Indigenous communities hold key roles in protecting Canada’s marine areas, said representatives from Parks Canada speaking at a national conference in Vancouver earlier this month.
“To be frank, Parks Canada was struggling to catch up last year, in terms of the amount of planning you have done, the financial support you brought to the table, and the involvement of non-government organizations,” said Kevin McNamee, director of the protected areas establishment branch at Parks Canada, at a recent conference on protecting Canadian marine areas.
“It really is Indigenous leadership at work.”
That conference showcased the work done over the last few years toward the creation of five additional marine conservation areas with a combined surface of almost 350,000 square kilometres.
The conference occurred in the context of the Fifth International Marine Protected Areas Congress held in downtown Vancouver from Feb. 3 to Feb. 9 with the goal of supporting Canada commitment to protect 30 per cent of the country’s land and oceans by 2030.
The speakers stressed the importance of Indigenous leadership roles because knowledge holders, such as elders, could offer invaluable environmental expertise and a better understanding of the areas to be protected.
In northern Ontario, for instance, the federal government and the Mushkegowuk Council are working toward the creation of a Omushkego-led marine conservation area located in the Hudson Bay and James Bay.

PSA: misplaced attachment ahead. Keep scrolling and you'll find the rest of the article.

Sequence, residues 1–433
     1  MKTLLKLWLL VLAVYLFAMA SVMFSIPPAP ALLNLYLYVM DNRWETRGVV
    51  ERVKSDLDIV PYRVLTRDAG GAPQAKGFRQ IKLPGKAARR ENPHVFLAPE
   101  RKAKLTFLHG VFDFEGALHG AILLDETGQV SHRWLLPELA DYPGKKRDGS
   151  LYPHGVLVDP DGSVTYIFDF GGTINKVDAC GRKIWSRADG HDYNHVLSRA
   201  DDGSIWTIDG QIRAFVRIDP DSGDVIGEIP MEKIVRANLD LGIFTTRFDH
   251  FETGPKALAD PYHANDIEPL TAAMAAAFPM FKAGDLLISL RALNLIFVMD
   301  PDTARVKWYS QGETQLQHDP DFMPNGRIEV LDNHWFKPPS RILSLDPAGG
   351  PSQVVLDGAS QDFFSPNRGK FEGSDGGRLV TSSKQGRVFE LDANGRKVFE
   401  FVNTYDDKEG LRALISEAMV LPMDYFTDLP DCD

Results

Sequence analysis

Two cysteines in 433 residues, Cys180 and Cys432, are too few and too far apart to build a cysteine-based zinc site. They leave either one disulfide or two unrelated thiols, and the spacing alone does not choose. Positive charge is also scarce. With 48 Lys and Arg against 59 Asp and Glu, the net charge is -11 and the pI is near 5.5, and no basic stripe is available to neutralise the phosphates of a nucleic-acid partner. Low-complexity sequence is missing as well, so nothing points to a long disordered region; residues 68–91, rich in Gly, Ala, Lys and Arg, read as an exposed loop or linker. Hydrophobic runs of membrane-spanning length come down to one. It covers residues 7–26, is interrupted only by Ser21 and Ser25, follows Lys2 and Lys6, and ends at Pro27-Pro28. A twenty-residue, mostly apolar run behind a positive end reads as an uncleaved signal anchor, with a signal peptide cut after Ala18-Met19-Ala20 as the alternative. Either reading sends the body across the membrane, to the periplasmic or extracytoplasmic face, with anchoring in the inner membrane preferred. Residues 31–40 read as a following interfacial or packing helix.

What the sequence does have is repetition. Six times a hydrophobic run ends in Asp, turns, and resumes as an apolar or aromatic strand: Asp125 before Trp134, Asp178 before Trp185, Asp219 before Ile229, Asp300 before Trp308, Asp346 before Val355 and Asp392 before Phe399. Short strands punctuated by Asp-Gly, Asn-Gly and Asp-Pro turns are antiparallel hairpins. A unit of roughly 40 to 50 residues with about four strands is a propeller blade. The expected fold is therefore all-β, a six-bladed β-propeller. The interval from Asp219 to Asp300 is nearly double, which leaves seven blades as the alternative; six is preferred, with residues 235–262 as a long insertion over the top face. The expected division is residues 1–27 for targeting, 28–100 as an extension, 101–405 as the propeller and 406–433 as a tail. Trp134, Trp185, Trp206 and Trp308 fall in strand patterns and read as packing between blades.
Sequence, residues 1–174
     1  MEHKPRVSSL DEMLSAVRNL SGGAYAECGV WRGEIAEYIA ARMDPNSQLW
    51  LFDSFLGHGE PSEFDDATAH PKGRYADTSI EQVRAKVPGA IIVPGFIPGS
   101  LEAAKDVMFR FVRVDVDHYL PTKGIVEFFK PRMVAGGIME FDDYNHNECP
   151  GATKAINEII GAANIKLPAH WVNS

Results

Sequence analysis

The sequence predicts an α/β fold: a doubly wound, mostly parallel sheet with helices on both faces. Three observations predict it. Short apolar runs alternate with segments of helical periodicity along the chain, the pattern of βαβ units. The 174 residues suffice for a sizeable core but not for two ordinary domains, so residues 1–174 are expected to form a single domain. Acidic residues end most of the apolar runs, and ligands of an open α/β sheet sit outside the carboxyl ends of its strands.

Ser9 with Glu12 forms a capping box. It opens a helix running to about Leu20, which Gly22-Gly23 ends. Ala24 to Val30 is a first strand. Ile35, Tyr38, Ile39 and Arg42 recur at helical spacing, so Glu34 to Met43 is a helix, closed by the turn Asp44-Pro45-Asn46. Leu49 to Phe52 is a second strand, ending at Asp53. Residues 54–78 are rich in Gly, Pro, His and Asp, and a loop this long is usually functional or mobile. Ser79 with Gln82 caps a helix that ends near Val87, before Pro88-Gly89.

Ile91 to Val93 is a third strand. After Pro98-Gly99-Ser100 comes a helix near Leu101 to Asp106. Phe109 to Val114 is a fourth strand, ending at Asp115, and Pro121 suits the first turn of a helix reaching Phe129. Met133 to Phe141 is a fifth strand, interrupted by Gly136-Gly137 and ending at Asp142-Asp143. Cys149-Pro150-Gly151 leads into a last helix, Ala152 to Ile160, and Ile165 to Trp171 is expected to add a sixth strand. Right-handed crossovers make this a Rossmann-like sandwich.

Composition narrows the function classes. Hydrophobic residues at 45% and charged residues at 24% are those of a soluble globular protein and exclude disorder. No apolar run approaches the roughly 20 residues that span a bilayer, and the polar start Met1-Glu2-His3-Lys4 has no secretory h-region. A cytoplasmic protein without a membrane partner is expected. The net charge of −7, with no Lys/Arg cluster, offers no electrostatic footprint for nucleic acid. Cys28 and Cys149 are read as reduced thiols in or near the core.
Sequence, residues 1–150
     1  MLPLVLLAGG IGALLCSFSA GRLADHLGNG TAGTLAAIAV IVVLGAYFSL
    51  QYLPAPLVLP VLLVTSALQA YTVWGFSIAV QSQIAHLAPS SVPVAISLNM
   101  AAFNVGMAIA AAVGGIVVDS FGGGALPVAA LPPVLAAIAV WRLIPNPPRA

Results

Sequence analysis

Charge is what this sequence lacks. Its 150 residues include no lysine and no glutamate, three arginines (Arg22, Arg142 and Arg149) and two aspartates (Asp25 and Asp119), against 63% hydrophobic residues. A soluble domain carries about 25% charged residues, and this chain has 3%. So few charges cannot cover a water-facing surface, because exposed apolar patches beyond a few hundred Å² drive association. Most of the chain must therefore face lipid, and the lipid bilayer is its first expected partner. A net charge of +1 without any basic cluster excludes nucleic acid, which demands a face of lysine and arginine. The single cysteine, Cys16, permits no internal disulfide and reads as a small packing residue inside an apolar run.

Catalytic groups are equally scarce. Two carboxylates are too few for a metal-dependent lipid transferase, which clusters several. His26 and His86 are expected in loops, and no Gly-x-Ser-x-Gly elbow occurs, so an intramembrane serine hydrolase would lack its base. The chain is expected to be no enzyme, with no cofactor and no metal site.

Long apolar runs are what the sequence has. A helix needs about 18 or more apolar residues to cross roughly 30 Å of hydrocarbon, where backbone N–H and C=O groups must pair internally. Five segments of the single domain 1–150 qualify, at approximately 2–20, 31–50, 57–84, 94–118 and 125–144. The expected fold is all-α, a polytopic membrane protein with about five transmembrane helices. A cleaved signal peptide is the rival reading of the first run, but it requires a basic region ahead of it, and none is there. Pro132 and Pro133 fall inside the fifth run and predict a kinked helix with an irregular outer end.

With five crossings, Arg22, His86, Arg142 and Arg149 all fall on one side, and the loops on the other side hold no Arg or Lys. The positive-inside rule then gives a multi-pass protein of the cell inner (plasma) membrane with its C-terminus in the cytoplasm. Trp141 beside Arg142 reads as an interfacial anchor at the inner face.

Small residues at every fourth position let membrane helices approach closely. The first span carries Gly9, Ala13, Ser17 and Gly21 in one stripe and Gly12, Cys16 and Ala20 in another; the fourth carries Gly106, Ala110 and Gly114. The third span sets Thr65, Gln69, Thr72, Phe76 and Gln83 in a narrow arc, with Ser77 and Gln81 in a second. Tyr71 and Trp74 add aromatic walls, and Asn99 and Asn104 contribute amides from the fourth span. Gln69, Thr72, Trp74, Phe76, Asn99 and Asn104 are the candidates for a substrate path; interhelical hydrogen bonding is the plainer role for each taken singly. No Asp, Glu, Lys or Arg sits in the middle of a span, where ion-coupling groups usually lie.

Nine communities will be extensively consulted by the Mushkegowuk Council to learn about the region, comprehend prevalent uses and pursuits, and determine Omushkego conservation priorities. A Mushkegowuk marine task force made up of elders, youth, and community members will be created as well.
“Water surrounds Mother Earth and protects it as water protected us when we were in our mother’s womb. Without it, we are nothing.” – Vern Cheechoo (Mushkegowuk Council)
Indigenous communities are often the ones at the forefront of climate change and experience its impacts daily, said Vern Cheechoo, director of lands and resources at the Mushkegowuk Council. In some areas in north Ontario, permafrost is melting, which provokes drought as the soil is more permeable. That, in turn, impacts fishing activities.
“People are driving trucks on the river, that’s how dry it is,” he said.
Many Indigenous speakers at the conference said that preserving marine areas is of cultural and spiritual significance.
“Water surrounds Mother Earth and protects it as water protected us when we were in our mother’s womb. Without it, we are nothing,” said Cheechoo.
Danielle Shaw, chief councillor for the Wuikinuxv Nation in the central-coast region of British Columbia, added that in Indigenous beliefs, humans need to take care of the ecosystem as a whole, so that it will take care of them back.
“When resources are managed for human consumption as the ultimate priority, it leads to chaos in the natural world. And as our people are so intimately connected to the natural world, it provokes cultural depreciation, despair, stress and uncertainty within our own homes and families,” said Shaw.
Nunatsiavut representatives also highlighted the socio-economic benefits that could result from having Inuit-led conservation areas.
Not only it would be an opportunity for the communities to co-manage the area under Inuit laws and cultures, but it could also create Inuit jobs and business opportunities, as well as strengthen Inuit connections notably between youth and community members, said Rodd Laing, director of environment for the Nunatsiavut government.
Reconciliation should infuse the whole process of co-managing marine conservation areas, stressed Richard Hall, a hereditary chief of the Nuxálk Nation in British Columbia and residential school survivor. Indigenous communities and settlers have to put their differences aside to protect marine areas and leave a better future for the next generations to come, he concluded.